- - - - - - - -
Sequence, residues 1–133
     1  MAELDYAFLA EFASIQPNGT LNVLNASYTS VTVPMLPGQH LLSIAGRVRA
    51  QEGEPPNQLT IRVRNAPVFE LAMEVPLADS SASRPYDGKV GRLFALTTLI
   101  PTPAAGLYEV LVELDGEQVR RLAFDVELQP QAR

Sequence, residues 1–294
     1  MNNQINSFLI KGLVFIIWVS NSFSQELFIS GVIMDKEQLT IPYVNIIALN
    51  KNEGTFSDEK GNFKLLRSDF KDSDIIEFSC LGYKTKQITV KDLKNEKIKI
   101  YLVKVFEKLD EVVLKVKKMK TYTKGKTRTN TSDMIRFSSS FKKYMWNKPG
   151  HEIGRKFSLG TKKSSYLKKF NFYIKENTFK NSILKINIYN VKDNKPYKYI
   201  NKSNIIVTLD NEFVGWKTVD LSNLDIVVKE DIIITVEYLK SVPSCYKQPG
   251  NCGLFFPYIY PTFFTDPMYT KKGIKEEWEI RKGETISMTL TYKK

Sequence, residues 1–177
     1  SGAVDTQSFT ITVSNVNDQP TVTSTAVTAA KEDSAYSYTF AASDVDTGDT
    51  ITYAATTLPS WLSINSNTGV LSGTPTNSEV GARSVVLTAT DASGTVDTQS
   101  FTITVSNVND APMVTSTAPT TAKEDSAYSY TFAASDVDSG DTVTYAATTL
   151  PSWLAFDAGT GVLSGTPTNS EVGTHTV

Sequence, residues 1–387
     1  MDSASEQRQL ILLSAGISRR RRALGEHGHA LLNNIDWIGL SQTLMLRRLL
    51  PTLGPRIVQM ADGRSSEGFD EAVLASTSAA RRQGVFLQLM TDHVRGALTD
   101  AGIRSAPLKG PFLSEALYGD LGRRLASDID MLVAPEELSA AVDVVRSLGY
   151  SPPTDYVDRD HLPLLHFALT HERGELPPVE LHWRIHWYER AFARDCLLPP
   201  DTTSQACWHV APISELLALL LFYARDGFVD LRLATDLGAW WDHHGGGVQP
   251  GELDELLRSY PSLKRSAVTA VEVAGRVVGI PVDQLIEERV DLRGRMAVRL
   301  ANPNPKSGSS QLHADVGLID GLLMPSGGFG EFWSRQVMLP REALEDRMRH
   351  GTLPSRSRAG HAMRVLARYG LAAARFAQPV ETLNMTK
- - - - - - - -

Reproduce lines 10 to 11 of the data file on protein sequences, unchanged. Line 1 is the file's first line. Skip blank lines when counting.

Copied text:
   201  NKSNIIVTLD NEFVGWKTVD LSNLDIVVKE DIIITVEYLK SVPSCYKQPG
   251  NCGLFFPYIY PTFFTDPMYT KKGIKEEWEI RKGETISMTL TYKK